One bad accident that happened to Dad while living on Oakdale occurred when he was changing my sister’s and my bedroom into a sitting room. Dad was creating an archway where our bedroom door opened into the living room. Dad was working with some sharp pre-formed wire material that was used to form the curve in the arch. Then he would plaster over the archway to make a beautiful arched doorway between the two rooms. During this process Dad severely cut his wrist and had to be rushed to the hospital emergency room. Only the first of two times Dad was ever treated in a hospital.
I have another memory of an event in this house that I understand now but at the time I was disappointed. It was at Christmas and we had opened all our presents upstairs. Then we all went down to the basement where I had another present waiting for me. I was surprised at a shinny black bicycle for me! I didn’t let on that I was disappointed that it was an old bicycle that Dad had repaired and repainted. Even I could tell that! I feel guilty about that now because today I understand that Mom and Dad didn’t have the money for a new bike and this was the best they could do.
Money was tight
during the war and always seemed to be tight in our home. Mom made meals that contained crackers and
bread to make the food go further. We
always had to eat everything on our plate and left-overs
were always the first to be eaten the next day.
Plus some foods that were getting old were “must goes”! Even though money was tight, Mom & Dad
were frugal and could provide for us like other more prosperous neighbors. Mom made many of our clothes. Dad maintained his own car (we never had more
than one)! I don’t know how they did it
but during the summers we even lived in a “clubhouse” near the
At AT&T my father continued
training and furthered his education of the telephone equipment of the day and
finally became an inside Equipment
My father was a good, responsible,
hard working loyal employee. But he was
also a loyal & active member of the Communications Workers Union. In the work stoppage and strike against the
Telephone Company in 1947 he was very active on the picket line at
In about 1948 we moved to a home
Dad also borrowed some money to add to the equity from the Oakdale house for the down payment on the Hillsdale house. My best recollection is that the Hillsdale house was bought for $7500. This time he borrowed money (I believe it was $750) from his brother-in-law to be Tony Feldhaus. Tony would marry my mother’s sister Gertrude (aka Aunt Sissy), in 1951.
to note here that my Dad, always trying to help others, had helped Aunt Sissy
when her first husband Uncle Dick was suddenly killed in a gun accident on
Dad always kept
working to improve the new house on
I believe it was about this time that Dad had an opportunity to make some extra money and agreed to wire a new house somewhere out in the county. This is when I was first introduced to electricity. We drove to this house under construction and Dad showed me how to do everything. Mounting electrical boxes, running wires, fuse circuit loads (no circuit breakers back then) and everything involved. Dad was a perfectionist and taught me to accept no less.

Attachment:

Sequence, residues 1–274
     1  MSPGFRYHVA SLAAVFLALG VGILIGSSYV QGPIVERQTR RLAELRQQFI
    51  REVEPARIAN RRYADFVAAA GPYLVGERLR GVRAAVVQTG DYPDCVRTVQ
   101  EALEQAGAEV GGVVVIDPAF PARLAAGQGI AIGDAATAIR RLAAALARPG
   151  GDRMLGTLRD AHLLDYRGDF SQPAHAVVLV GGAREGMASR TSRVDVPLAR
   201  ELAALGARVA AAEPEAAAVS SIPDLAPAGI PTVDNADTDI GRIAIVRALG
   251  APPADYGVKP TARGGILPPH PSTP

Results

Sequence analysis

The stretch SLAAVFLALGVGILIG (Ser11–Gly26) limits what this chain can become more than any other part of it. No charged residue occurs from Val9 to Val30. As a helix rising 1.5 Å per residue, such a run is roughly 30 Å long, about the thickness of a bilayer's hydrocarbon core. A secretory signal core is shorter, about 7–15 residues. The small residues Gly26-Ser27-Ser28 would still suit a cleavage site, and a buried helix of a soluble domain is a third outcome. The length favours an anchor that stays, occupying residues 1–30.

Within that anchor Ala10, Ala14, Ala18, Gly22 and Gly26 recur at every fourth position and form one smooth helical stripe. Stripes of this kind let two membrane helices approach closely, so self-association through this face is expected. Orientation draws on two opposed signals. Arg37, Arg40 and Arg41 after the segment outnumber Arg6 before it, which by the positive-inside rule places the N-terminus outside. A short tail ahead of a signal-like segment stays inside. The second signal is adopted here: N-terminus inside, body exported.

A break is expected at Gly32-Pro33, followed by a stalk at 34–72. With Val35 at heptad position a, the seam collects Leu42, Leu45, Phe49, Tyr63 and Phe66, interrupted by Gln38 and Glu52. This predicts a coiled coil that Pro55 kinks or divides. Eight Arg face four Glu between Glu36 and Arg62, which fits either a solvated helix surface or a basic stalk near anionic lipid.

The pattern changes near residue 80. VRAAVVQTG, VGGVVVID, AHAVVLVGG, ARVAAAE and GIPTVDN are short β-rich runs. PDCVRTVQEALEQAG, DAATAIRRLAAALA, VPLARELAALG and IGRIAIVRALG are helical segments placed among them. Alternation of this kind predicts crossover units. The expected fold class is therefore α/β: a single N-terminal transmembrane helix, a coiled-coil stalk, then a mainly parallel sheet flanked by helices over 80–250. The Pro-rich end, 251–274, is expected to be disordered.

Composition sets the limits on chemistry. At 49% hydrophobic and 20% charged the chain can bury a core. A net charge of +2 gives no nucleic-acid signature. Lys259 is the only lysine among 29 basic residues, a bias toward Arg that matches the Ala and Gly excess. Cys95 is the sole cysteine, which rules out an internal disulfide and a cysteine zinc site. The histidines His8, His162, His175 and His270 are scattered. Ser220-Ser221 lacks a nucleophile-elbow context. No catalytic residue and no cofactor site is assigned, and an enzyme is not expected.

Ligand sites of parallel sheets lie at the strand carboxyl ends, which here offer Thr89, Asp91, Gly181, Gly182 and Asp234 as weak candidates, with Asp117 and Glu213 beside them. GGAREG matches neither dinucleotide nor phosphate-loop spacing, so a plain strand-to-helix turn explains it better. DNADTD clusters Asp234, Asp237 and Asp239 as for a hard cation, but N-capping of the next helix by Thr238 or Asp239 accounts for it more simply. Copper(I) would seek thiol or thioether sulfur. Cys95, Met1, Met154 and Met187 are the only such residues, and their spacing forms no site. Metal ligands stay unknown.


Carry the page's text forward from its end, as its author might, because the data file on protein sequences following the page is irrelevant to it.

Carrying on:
It was during this time, about 1949 or so,
that Dad was learning about Television (TV) in classes at AT&T. Television was brand new and AT&T would
be transporting television signals all over the country via microwave and selling
the service to the TV Networks. So, Dad
set up a TV repair shop in the basement.
He bought test equipment and taught me to make service calls. I was the electron tube tester! If I couldn’t fix it in the person’s home
then it would come to his shop so he could repair them. Of course we had the first TV in the neighborhood. Our first TV was a 7” TV! We would all gather around it in the evening
to watch those early TV shows. Dad would
work up to larger TV sets over time and I believe we had a 16” TV before we
It was at this house that Mom & Dad had large outdoor Bar-B-Q parties for friends and relatives. Dad built a portable Bar-B-Q grill on wheels! Mostly made from scrap, this grill may have been another first for my father. He was ahead of his time because back then most people had large stationary brick pits upon which to grill. My job was to squirt water on the fire if it got too high. Dad invented his own Bar-B-Q sauce. It was a sweet but hot concoction that everyone loved. The recipe is used today by many descendants and friends.
Also in about 1948 he was
promoted to a staff position with the title of “Engineer” in the Long Lines
Department St. Louis District Office. He
attended formal training and passed the test to earn his Second Class
Radiotelephone License. This license
allowed him to operate and maintain radio transmission equipment for the
telephone company. Shortly thereafter he
had temporary assignments in
One of my most
cherished memories in
In 1957 after two years in
Dad had hoped he would retire
from Long Lines in
In his new position as DCS he
was responsible for all the outside plant facilities including underground cable
and open wire pole lines in
In 1970 my Dad was 55 years old
and wanting to retire and move to his farm.
Since Long Lines Operators (women) were allowed to retire at age 55 my